But note that this will not be a blanket condemnation of the priesthood. It is a refining and a purifying. God will not wipe out his priests en masse because he is a faithful, covenant God, and there is always a faithful remnant among his people.

It is, however, a judgement on those who are not faithful. The images of refining and washing are images of separation. The furnace heat of the refiner's fire will separate the dross to be discarded as slag, leaving pure metal behind. The vigorous washing of cloth will separate out the dirt and scum to be poured away, leaving a clean, white garment.

Incidentally, the fullers' soap Malachi mentions here wouldn't really have been soap at all, but a substance called lye, which was the highly reactive product of wood ash soaked in water. When used for washing it would generate heat and could burn skin; it can apparently dissolve some metals!

The point is that whether by furnace or washing the heat was going to be turned up on the priests until the unfaithful were driven out and discarded, leaving a purified band of faithful priests to do God's work in righteousness. A complete reversal of the dismal situation of chapter one.

Furthermore, in verse 4 we learn that although the refining will begin with the priests it will eventually encompass all of God's people in Jerusalem and Judah.

What is it that God will purify them from? Verse 5 gives a list of covenant-breaking sins, which is not intended to be comprehensive but representative of the whole covenant unfaithfulness of the people: sorcery, adultery, false testimony, injustice to workers, oppressing the vulnerable, and inhospitality to strangers.

By coming in judgement to purify his people from all these things and more God is demonstrating that he is faithful to his covenant.

Now, it's legitimate for us to ask, when did all this happen. When did God come and purify his people?

I said earlier that the messenger preparing the way in verse 1 was Malachi himself, and perhaps that is how he saw things. But look over to chapter 4 verse 5 and we see that Malachi anticipating another prophet who would come before the day of the Lord, and who would be in the mould of Elijah, the very epitome of the prophetic ministry.

Well, the New Testament is unequivocal on this. In Matthew chapter 10 Jesus is clear that the messenger preparing the way in Malachi 3 is John the Baptist. And clearly the Lord, the messenger of the covenant is Jesus himself.

Jesus' coming is a fulfilment of Malachi's prophecy. In establishing his kingdom under the New Covenant Jesus created a new community of God's faithful people. Not the faithless kingdom of Israel, but the faithful kingdom of heaven. As Paul puts it in Titus chapter 2, our great God and Saviour Jesus Christ gave himself for us to redeem us from all lawlessness and to purify for himself a people for his own possession who are zealous for good worksref.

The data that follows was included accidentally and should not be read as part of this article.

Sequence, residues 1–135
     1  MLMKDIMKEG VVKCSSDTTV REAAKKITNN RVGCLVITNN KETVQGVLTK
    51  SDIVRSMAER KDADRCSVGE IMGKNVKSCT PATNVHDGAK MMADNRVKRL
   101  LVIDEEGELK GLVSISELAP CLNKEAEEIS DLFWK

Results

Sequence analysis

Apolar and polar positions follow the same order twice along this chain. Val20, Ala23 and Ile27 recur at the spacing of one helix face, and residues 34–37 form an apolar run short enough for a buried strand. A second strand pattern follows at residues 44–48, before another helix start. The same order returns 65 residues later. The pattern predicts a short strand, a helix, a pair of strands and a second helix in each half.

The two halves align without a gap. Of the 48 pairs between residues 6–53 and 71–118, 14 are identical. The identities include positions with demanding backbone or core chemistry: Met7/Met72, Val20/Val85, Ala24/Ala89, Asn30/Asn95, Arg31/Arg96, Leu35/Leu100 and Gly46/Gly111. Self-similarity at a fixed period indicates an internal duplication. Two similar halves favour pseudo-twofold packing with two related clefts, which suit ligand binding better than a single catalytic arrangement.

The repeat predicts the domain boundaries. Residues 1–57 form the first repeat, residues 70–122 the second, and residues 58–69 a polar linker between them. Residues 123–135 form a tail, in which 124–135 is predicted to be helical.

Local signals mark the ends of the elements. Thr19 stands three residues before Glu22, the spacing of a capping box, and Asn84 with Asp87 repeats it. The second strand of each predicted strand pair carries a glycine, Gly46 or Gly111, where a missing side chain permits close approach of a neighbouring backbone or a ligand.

But we're deluded, aren't we, if we imagine that this means that our churches are now free of sin, and all the behaviours that Malachi was speaking against. Far from it! As I suggested in the introduction our church in this country very much resembles the situation in Malachi's day: a people thoroughly compromised with the world. How can this be?

Jesus tells a parable in Matthew chapter 13 that can help us. The parable of the weeds. I'll read the relevant bit.

The kingdom of heaven may be compared to a man who sowed good seed in his field, but while his men were sleeping, his enemy came and sowed weeds among the wheat and went away. So when the plants came up and bore grain, then the weeds appeared also... But the man said, "Let both grow together until the harvest, and at harvest time I will tell the reapers, Gather the weeds first and bind them in bundles to be burned, but gather the wheat into my barn."ref

Does that sound familiar? The parable tells us that the complete fulfilment of Malachi's prophecy is yet to come. There will be a final day when the God will finish the purification of his people. Meanwhile, the church, like Malachi's priesthood, will continue to be a mixture of the faithful and unfaithful.

What can we conclude? Well, we can conclude that attending a church however regularly, being on the PCC, organising the flower rota, even being a clergyman: none of these things automatically make us safe from the judgement of God, any more than the priests of Malachi's time were safe. God is faithful to his covenant, but unfaithfulness in the church invites God's covenant judgement.

If we want a guarantee of escape from condemnation at the judgement then we need to look elsewhere. And that's where Malachi takes us next.

The second oracle: covenant blessing

As we move on to the second oracle in chapter 3 verse 6 we find Malachi re-iterating that God is faithful to his covenant. But his message now is not a message of judgement, but a message of grace: God is faithful to his covenant, and a return to faithfulness by his people secures God's covenant blessings.